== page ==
Advertising Your Writing Club

Clearly, people need to know about your writing group before they can attend any meetings, but how do you get the word out?

My first efforts at advertising our creative writing critique group was to use Meetup. And we did get our first few members from it, but what we found was that a lot of people join Meetup groups with no intention of ever actually attending.

A problem arises once your Meetup group passes a certain number of “members”. It’s then that you have to pay a lot more money for the Meetup group. It’s unfair that the Meetup website doesn’t count only the people who actually attend meetings. Instead they count every person who clicks the little “join us” button on your Meetup page.

These people are easy to spot. Just look at their profile in Meetup and you’ll often see that they also joined 50 or 60 other groups on the Meetup website. Clearly, since there’s only 30 days in a month, they’re either spending every single day attending Meetups or (much more likely) they join Meetup groups willy-nilly with no intention of ever attending.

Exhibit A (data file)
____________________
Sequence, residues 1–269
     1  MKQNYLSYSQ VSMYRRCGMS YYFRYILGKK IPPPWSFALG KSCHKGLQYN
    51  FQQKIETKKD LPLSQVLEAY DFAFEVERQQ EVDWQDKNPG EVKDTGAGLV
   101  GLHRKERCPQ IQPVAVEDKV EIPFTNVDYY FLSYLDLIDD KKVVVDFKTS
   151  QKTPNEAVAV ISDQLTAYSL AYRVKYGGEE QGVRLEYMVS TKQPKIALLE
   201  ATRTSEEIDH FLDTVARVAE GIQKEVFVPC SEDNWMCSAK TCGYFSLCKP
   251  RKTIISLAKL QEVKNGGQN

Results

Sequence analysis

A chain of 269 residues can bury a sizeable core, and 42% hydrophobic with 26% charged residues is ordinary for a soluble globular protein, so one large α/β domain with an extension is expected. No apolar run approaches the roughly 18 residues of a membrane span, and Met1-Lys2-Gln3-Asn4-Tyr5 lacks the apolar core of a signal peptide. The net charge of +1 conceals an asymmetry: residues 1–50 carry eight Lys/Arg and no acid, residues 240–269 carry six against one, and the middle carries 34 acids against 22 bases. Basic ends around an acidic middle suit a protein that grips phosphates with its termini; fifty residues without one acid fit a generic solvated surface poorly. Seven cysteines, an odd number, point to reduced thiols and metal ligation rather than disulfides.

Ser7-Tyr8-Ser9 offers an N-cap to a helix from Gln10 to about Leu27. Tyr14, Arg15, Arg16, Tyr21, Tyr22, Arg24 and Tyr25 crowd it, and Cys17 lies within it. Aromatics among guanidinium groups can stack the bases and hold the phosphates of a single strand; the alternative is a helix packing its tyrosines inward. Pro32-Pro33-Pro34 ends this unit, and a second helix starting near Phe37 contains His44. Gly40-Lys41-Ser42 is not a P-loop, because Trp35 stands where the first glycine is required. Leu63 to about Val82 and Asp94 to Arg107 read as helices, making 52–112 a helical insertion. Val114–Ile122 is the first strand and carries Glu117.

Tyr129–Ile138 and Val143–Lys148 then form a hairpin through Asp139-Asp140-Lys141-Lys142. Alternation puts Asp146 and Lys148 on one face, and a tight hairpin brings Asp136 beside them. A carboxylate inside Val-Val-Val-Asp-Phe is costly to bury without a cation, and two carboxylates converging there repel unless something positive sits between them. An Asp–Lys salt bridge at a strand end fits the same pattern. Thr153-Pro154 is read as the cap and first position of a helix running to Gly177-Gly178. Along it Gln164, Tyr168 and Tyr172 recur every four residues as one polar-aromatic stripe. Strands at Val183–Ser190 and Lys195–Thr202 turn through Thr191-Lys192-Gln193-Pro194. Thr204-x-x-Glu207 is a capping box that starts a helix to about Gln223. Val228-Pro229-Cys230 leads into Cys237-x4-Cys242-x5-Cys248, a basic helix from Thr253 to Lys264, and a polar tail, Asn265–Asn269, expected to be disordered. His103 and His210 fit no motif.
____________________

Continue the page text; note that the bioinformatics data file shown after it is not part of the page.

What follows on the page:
Our experience was that we had dozens and dozens of people joining the Meetup group which forced us to pay the extra money but never had these people attend any of our writing group meetings. So we deleted the Meetup group.

I then tried using Facebook advertising. This was expensive but it allowed me to advertise only to people who were interested in fiction writing. I think I spent about $130 on a two month advertising campaign but got only two or three new members.

What finally worked for us, (and was totally free) was that we decided to start networking within the writing community. We attended local author events, workshops, and other fiction writing events in our area. By meeting people and talking to people, word of mouth began to spread. Pretty soon we were being invited to speak at some of these events.

On every occasion we let people know about our writing club and new people began showing up at our meetings.

It’s not necessary to spend a lot of money on advertising. It’s much better to spend a little time getting to know people in your community. Word of mouth is best.

Photo credit: flickr Creative Commons, Network by Jurgen Appelo